Irina Razumovskaya’s backstory is somewhat impressive. Frequenting the Hermitage Museum from the age of five (to date), the prodigious Russian would begin evening art classes at the Kustodiev Art School aged just seven.
Already possessing a relationship with art considerably greater than most of her age, Irina Razumovskaya would go on to graduate from St Petersburg State Classical Gymnasium (where she studied ancient literature and languages); the State Academy of Art and Design; and most recently from the esteemed Royal College of Art with a Masters in ceramics and glass. Quite the qualifications.
‘Clay is everlasting, poetic and eloquent material for me,’ the Leningrad-born creative explains. ‘Departing from its history and my classical education, I let myself work intuitively, using tacit knowledge and aesthetic preferences.’ That intuitive approach is evident in the artist’s latest design series, BARKSKIN.
Inspired by a ‘wistful longing for the post-Soviet times’ BARKSKIN evokes the former socialist state’s decaying constructivist architecture by way of nature’s own peeling layers; Razumovskaya fascinated by the poetry of the neglect for these once futuristic forms. Beginning with pure geometric shapes built of stoneware clay, then covered with multiple layers of glazes and slips — Irina ran the pieces through numerous firings, those layers starting to melt, peel and decay; the ageing process of these architectural monoliths mimicked.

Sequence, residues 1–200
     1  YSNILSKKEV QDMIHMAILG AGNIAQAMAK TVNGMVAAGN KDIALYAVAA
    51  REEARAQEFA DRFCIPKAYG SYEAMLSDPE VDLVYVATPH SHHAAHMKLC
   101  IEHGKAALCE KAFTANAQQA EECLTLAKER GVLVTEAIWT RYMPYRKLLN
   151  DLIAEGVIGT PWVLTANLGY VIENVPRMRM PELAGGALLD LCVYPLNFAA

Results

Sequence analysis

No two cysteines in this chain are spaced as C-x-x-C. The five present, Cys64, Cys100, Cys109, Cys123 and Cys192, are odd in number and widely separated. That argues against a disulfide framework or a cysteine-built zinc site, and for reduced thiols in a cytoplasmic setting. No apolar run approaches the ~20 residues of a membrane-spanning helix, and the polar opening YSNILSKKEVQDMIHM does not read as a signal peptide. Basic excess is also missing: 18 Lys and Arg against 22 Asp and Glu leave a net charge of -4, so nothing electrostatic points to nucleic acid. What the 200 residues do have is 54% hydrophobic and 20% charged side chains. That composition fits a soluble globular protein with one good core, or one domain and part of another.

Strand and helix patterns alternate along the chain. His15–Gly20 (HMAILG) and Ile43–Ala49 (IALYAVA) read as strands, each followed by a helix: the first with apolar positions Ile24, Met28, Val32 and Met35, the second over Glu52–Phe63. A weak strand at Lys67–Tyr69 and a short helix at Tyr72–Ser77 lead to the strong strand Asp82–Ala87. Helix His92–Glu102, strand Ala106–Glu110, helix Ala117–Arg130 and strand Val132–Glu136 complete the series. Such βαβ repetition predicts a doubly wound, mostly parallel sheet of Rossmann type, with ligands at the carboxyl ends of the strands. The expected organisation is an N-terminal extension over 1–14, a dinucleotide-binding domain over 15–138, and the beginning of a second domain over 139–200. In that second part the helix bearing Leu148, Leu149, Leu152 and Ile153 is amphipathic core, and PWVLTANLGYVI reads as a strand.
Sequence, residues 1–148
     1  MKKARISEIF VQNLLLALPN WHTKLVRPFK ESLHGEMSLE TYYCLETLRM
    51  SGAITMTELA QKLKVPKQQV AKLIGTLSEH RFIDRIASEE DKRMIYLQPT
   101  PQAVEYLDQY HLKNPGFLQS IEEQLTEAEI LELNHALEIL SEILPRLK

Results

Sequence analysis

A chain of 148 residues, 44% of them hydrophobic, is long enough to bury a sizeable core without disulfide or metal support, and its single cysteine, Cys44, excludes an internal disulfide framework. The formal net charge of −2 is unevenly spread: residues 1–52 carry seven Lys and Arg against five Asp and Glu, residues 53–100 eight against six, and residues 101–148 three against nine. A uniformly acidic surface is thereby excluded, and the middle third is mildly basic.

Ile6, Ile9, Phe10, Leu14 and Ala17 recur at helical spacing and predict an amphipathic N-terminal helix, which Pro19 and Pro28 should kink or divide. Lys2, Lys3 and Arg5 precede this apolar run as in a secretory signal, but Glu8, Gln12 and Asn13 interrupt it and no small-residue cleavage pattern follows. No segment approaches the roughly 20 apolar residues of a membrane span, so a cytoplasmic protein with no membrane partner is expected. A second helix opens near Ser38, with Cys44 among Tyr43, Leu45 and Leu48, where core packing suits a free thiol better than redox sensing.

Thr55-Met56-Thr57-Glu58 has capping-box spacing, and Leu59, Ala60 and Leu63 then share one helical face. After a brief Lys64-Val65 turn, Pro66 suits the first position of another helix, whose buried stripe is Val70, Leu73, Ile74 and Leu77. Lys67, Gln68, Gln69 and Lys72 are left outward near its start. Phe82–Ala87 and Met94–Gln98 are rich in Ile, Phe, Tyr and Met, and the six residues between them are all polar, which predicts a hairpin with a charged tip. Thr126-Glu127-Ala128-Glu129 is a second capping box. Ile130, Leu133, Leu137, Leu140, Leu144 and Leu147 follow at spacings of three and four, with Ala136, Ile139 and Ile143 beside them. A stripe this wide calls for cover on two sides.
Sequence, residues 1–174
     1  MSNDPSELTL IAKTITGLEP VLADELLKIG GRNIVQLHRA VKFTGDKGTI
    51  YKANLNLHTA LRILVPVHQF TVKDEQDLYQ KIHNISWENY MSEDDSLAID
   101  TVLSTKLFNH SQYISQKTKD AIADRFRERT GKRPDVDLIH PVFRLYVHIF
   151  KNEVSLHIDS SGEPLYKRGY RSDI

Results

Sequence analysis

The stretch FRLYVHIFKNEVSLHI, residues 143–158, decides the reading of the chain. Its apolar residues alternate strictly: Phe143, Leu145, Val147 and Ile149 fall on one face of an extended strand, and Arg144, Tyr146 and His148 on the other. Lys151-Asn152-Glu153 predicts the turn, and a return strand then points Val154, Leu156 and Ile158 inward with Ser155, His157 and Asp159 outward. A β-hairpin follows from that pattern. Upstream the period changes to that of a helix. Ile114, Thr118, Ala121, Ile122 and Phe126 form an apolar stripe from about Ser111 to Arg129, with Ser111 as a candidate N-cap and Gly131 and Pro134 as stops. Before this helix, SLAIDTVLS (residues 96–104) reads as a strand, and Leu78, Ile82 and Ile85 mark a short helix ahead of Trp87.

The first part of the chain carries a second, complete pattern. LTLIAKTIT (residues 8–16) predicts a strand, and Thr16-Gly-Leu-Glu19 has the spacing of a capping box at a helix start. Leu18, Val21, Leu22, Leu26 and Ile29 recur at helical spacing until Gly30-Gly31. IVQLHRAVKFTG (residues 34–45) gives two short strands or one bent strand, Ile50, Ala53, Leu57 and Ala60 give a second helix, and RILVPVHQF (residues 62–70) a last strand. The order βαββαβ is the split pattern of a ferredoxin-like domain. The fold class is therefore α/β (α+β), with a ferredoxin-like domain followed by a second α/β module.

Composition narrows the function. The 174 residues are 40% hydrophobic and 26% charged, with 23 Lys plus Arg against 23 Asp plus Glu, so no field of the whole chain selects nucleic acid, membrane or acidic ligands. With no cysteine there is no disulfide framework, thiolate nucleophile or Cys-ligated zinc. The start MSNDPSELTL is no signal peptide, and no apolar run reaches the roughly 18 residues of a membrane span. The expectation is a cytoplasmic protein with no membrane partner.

Finished with a top layer of white porcelain and salmon-pink or yellow gradient to form an outer skin, the resulting ceramic pieces, are left open to interpretation; nature’s shedding skin depicting man’s own passing of time.